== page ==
Tom's Mother added a note to the photo as seen above.
"Logging Train stop - 5 min for all necessities."

Look closely, I'm seeing what appears to be a building just above the tree, possibly up on a hill. 

Loren Aandahl grew up in Taiwan of Missionary parents.

We published a number of posts in the old Taipei Air Station Web Pages with photographs taken during Loren's early years.

Please take a look at some of the beautiful photographs taken in and around Hsinchu during 1954 to 1977.

HERE are those stories <->  You'll like these stories and pictures. 

If you're interested in Taiwan Railroading, you should checkout Loren's two beautiful Taiwan Railway books.


You can find these two books on  

** UPDATE - 5 January 2017 **

Tom Morgan found additional photographs relating to the Alishan Forest Railway.

Above, Chuchi (竹崎) Station, Alishan Forest Railway, Chiayi County, April 1960.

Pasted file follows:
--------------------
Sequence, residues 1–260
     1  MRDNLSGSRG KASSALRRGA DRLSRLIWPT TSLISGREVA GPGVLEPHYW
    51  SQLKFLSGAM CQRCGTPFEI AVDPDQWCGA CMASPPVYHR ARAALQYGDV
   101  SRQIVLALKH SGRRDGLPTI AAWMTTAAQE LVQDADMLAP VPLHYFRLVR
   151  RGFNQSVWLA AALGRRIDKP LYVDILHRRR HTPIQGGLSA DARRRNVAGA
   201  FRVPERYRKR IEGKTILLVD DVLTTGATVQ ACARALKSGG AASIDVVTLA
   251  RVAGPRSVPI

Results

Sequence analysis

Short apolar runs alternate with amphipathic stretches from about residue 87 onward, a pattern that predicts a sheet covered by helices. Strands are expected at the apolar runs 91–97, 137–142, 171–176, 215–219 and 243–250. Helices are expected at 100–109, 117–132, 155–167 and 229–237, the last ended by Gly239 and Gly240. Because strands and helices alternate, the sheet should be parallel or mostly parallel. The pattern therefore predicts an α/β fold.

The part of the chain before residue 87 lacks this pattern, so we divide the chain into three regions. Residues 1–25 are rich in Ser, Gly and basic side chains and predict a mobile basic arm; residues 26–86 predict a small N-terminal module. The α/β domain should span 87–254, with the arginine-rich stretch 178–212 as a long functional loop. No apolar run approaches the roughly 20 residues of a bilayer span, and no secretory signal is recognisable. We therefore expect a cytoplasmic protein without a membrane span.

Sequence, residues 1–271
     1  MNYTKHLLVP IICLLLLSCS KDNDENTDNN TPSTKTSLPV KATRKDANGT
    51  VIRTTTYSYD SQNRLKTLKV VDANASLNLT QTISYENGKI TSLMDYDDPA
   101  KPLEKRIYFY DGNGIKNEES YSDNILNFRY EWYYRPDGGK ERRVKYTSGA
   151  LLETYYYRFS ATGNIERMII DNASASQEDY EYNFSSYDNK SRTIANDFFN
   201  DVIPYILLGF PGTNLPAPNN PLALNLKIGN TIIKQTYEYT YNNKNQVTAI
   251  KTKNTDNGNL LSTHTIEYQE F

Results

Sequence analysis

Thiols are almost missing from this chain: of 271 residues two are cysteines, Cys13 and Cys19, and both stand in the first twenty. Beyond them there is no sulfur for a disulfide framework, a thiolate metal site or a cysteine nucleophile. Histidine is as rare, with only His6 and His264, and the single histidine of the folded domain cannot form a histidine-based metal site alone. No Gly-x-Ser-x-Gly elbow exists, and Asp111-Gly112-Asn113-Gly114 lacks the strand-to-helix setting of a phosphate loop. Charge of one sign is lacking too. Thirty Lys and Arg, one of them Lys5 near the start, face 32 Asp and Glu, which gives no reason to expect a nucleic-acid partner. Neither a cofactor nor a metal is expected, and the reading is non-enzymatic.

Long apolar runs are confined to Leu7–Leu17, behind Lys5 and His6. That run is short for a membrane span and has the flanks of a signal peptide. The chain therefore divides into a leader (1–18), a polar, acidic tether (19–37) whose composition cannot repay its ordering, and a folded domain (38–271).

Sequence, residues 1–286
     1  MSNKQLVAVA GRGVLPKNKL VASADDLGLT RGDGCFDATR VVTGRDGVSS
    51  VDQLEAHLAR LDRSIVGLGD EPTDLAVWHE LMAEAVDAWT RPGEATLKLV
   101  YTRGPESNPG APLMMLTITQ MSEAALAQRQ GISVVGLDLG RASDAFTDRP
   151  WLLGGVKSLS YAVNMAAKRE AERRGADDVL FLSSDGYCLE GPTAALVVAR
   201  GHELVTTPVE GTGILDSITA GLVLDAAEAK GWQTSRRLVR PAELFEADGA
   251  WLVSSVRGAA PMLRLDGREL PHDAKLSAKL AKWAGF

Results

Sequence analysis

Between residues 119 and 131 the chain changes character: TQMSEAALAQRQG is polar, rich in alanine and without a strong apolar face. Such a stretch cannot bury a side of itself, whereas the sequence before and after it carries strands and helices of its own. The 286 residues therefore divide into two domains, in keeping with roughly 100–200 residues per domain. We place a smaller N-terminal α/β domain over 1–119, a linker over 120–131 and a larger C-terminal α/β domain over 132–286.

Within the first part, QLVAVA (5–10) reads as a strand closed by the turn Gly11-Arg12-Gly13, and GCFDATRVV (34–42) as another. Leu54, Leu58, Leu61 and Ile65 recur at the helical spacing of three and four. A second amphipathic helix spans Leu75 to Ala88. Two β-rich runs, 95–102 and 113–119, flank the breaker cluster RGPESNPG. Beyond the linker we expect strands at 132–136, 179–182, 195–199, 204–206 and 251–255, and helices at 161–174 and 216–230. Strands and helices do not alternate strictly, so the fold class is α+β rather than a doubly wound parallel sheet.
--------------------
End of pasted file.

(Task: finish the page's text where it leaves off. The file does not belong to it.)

Heading toward Alishan, Chuchi station was the first station stop, after departure from  Chiayi.

Cars are not close to station platform.

No identification on station name.  The cars are close to platform here.

This photo identified as "Rudolph Boys"
This station probably the same station as the photo just above.

A young man hangs out the door; excitement and fresh air.

Bend in tracks ahead.

At first glance, it appears engine is headed for a drop-off!

High in the mountains, an overlook.
Clouds hang over mountains below.

Perhaps someone could translate the sign.


Another look at Triple Tree at Alishan 
Thank you Tom Morgan for sharing these remarkable photographs.